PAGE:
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  21. Finding Practice Guidelines

    Every major K-12, college and professional sport is worried about head injuries these days.  But who is looking out for the poor cheerleader, dropped on her head by a wobbly human pyramid? The American Academy of Pediatrics’ Council On Sports Medicine And Fitness, that’s who! Cheerleading Injuries: Epidemiology and Recommendations for Prevention provides guidelines for professionals. There are many good sources for Guidelines.  For videos demonstrating the following search strategies, see the Guidelines section of the Searching for Evidence Based Information Resource Guide. Don't forget to Ask Us! if you would like librarian assistance in locating a guideline or learning more about the following resources.  To locate new guidelines via PubMed use a keyword describing the condition, disease or population and the terms guideline or guidelines.   For example: Cheerleading and (guideline or guidelines) Be sure to group guideline or guidelines in parentheses so that PubMed can process those terms properly. Search Google Scholar for a guideline you know has been shared in a published conference proceeding or in a journal.  Open the drop down advanced search to search for either all of your terms OR at least one of your terms in the title of the article.  Limit to recent years – most guidelines are out of date within 3-5 years or sooner. National Guideline Clearinghouseoffers many options for searching for guidelines and viewing side by side comparisons or viewing sytheses –

    • Basic keyword searches can be sorted by relevance and limited to specific years
    • Advanced searches can be filtered by:
      • Focus on disease, treatment or health services administration
      • Special populations
      • Clinical specialty, creating organization,  or organization type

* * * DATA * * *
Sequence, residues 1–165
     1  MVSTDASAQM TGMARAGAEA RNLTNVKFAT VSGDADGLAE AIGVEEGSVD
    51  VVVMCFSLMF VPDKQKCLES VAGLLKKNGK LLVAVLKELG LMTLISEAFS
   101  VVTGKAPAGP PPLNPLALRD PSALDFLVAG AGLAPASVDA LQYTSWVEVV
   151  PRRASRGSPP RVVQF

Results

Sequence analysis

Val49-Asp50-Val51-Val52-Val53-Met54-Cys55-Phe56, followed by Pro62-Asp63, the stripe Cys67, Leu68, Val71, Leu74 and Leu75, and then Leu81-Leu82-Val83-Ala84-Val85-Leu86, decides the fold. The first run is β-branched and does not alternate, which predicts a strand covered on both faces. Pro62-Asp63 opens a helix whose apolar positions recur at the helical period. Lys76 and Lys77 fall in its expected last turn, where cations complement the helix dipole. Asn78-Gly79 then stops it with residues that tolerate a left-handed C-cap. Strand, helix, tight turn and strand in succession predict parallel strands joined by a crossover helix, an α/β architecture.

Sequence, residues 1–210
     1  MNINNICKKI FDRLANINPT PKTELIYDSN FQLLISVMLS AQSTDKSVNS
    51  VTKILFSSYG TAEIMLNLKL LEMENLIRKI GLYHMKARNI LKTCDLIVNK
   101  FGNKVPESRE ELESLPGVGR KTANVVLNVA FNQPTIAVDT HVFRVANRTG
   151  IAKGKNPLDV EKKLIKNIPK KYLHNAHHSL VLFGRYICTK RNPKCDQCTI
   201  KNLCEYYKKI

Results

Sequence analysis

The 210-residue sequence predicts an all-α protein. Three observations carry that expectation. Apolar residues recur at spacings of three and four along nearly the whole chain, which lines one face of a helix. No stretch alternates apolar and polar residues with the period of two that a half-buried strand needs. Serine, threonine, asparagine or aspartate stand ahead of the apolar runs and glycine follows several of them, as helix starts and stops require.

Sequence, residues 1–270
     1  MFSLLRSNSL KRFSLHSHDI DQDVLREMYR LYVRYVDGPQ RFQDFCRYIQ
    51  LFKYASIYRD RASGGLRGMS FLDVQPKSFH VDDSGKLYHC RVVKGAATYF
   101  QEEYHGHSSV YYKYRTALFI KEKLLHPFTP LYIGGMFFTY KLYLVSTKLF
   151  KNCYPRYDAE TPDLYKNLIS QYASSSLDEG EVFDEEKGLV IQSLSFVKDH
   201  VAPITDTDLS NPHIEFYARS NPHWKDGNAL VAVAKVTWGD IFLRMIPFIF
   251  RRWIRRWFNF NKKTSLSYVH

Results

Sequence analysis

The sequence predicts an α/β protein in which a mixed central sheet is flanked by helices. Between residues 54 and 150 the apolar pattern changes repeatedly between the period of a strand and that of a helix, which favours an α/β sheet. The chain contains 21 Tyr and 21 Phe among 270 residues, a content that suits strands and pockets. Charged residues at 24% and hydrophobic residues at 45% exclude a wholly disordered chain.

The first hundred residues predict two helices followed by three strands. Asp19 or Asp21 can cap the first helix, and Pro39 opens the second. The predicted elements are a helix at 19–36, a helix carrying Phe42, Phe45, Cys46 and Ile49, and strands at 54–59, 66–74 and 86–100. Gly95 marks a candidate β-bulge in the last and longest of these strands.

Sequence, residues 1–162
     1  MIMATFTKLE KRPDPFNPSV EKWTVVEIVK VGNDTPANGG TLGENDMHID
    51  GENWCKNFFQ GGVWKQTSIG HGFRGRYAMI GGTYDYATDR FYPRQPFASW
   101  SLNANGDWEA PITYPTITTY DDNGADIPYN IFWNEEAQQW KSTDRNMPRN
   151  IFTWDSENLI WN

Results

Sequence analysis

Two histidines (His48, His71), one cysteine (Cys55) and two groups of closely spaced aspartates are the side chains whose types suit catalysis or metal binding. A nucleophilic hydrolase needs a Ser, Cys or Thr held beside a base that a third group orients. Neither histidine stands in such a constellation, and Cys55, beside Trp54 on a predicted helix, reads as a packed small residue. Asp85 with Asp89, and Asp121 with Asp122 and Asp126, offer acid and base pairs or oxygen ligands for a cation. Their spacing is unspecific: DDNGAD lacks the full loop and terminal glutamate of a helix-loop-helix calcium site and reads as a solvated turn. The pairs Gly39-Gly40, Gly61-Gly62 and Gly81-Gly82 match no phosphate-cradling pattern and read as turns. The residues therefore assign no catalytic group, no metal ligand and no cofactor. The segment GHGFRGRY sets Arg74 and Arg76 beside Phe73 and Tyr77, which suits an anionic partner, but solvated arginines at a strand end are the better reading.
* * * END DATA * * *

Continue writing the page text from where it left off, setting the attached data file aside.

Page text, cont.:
• Method and process used in creating guidelines
      • Audience, type of guideline, IOM care category or domain
      • Years
    • Topic, organization or index (scroll past the news and announcements on the home page for links)
    • Mobile resources

    MDConsult offers a Guidelines section.  The section organizes guidelines A-Z, by topic, and by organization.  You can search all sections for a keyword like cheerleading and find materials related to injuries in books, journals or Clinics, and other sections of MDConsult. NursingConsult also offers a Guidelines section with topics of interest to nurses and nursing students. Dynamed incorporates guidelines in the Treatment Recommendations included in chapters on conditions and disease.  There is also a Guidelines and Resources section for each chapter, linking to guidelines from major organizations from around the world. Searching Googlefor a specific type of guideline can be quite efficient and effective.  Google is especially useful for a guideline that is published web-only.  Follow these tips for googling for a guideline:

    • Include a disease or condition term in the search strategy
    • Include the organization name in the search
    • Include the word guideline – because of Google’s automatic “stemming” of root words, results will include the plural form of the word
    • Include additional terms that might help refine your results, for example cheerleading injury guideline

    Guidelines are fairly easily found, although it occasionally requires some persistence and consulting more than one resource to get the job done! [Lynne M. Fox, Education Librarian]